He was one of those guys I mentioned earlier who would play in the low post opposite the center, ruin spacing, and then fall out of NBA relevance.
In fact, he did so very drastically, going from near-All-Star form one year to one of the league’s worst players the next, before getting traded and slowly managing to reinvent his game under Red Auerbach’s Celtics.
John Tresvant is actually the perfect example, I think, of that type of hard-nosed guy that played power forward in the 1960s.
He apparently wasn’t skilled enough at basketball to make his high school team, so then he went to the military, was in the Air Force, and then finally starting playing basketball afterward.
He was known for being that player who would get into fights – even when he was the star of his team back in college, he started a brawl when his Seattle University played at Montana, and then two weeks later when Montana came and played at their court, he grabbed 44 rebounds.
In the NBA, he was still one of the hardest-working rebounders, and it was actually a rebound that ended his career, when, going for a loose ball off a teammate’s missed shot, he hit his knee so hard into the opponent he was battling for the rebound with that he’d never play again and would quickly need two knee replacements, both on that one knee, in the few years after that.
He was a star rebounder even after he couldn’t play anymore – in fact, he invented a literal rebounding machine when he was coaching a girls’ high school team because he didn’t like that they didn’t rebound enough.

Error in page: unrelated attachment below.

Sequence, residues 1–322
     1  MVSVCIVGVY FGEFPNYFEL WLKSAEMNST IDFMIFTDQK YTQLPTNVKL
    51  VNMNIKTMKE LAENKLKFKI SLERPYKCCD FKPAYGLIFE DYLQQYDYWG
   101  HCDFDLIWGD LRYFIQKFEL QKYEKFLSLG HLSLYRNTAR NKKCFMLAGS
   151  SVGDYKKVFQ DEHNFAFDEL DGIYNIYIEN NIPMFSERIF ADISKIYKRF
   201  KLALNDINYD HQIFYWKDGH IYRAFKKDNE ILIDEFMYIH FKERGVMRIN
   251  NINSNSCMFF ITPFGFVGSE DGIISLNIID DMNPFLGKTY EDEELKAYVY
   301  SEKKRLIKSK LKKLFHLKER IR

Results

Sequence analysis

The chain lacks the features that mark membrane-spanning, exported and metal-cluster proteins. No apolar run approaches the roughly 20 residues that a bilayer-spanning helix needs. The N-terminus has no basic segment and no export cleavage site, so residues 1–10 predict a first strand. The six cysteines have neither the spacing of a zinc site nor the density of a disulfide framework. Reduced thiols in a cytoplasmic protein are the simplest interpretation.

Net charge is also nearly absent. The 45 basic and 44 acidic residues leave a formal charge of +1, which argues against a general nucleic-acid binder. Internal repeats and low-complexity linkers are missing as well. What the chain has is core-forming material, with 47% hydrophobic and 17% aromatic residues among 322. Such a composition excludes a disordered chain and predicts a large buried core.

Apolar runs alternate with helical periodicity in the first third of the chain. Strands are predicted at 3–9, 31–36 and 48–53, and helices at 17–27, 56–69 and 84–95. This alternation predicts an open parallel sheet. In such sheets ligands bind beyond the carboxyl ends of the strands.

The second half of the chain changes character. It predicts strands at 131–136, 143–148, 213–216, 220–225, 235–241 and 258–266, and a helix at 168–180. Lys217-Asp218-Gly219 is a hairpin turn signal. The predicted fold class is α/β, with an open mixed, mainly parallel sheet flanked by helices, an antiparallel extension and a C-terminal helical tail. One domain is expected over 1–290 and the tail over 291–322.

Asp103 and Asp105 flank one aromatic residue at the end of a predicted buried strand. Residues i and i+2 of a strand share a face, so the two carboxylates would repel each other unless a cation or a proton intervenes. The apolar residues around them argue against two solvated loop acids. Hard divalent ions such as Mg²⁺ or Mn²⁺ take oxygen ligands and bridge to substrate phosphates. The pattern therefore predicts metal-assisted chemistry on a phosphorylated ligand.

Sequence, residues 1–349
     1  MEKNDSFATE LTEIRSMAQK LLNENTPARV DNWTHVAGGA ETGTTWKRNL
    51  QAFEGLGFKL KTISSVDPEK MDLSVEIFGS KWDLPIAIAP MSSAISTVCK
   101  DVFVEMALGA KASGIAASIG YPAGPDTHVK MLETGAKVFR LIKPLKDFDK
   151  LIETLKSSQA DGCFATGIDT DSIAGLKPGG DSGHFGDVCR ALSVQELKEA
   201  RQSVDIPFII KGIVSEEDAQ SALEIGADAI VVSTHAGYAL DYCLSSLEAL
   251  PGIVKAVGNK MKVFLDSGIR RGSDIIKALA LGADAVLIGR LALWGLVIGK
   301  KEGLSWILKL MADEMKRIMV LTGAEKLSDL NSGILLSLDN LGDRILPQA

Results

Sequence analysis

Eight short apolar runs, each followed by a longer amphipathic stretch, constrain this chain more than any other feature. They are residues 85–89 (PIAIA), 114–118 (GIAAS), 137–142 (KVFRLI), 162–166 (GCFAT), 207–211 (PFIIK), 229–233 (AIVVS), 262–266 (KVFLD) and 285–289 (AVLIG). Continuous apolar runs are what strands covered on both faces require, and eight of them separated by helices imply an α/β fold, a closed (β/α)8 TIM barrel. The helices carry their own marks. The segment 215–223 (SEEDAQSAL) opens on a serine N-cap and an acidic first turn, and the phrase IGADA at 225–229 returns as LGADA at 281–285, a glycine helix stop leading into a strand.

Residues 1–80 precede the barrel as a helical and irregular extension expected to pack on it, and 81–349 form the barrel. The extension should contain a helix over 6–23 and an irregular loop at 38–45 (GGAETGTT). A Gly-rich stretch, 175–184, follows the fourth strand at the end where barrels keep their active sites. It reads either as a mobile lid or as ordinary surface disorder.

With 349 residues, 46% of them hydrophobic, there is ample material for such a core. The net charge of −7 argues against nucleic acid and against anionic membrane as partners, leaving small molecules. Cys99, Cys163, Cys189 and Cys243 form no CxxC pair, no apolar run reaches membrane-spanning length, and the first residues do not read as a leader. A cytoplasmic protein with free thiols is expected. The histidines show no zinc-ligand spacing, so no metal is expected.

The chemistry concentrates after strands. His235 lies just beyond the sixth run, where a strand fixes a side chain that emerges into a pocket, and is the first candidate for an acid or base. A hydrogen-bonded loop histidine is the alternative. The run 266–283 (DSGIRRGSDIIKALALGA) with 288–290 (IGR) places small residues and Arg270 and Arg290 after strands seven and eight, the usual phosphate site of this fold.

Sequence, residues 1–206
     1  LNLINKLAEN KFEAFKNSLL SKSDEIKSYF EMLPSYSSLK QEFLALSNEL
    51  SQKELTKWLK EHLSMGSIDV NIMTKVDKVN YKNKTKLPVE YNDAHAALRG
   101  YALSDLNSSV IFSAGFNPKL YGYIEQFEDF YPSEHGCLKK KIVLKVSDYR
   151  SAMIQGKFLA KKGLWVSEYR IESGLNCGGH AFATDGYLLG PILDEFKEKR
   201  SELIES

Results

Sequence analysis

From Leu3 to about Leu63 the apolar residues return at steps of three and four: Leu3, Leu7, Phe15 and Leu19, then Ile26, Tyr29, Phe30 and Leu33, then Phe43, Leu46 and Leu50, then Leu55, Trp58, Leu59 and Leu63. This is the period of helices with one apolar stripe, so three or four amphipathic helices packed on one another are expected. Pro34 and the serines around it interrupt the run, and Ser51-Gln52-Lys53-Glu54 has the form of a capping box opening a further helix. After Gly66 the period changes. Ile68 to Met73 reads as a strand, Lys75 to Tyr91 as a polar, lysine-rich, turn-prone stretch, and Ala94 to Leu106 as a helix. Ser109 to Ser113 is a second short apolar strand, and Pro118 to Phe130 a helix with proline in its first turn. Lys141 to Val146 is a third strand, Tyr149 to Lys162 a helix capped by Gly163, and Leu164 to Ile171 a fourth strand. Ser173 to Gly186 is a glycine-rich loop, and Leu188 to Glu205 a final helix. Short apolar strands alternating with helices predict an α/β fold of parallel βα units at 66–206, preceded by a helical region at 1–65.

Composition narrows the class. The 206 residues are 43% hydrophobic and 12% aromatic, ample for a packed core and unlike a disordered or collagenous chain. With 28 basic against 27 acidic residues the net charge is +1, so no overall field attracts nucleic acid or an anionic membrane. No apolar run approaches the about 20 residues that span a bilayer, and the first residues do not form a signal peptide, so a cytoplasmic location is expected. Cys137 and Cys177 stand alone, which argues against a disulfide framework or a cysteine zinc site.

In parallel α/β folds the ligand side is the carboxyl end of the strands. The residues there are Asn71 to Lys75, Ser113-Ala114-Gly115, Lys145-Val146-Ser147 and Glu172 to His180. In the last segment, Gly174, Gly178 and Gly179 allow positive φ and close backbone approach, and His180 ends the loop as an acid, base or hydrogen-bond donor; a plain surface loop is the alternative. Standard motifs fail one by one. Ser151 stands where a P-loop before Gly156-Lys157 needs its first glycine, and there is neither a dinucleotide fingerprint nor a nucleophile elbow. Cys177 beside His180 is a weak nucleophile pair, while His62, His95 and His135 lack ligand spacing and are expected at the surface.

In the seventies, Mr. Average was Steve Hawes. Also from Washington state, like Tresvant, he had a bit of an interesting path towards the NBA, like a lot of players from the ’70s did.
But while many of them started their career in the ABA, he actually went over to Italy to play for Reyer Venezia for two years after being drafted.
Unlike his nephew Spencer Hawes, who spent a lot of his career making money by being a tall guy who can actually shoot the ball, Steve’s best assets were on defense, and he was one of the best outlet passers in the league, which was taken much more seriously as a skill in that decade. (Wes Unseld once won MVP based primarily on the fact that he could rebound and then chuck the ball down the length of the entire court to a streaking teammate.)
It was James Bailey for the eighties, and most people aren’t going to know who that is, an odd occurrence for a contemporary of Jordan, Bird, and Magic.
Aside from two seasons of very good offensive showings of 13 and 14 points per game, he had pretty much no visceral impact on the NBA.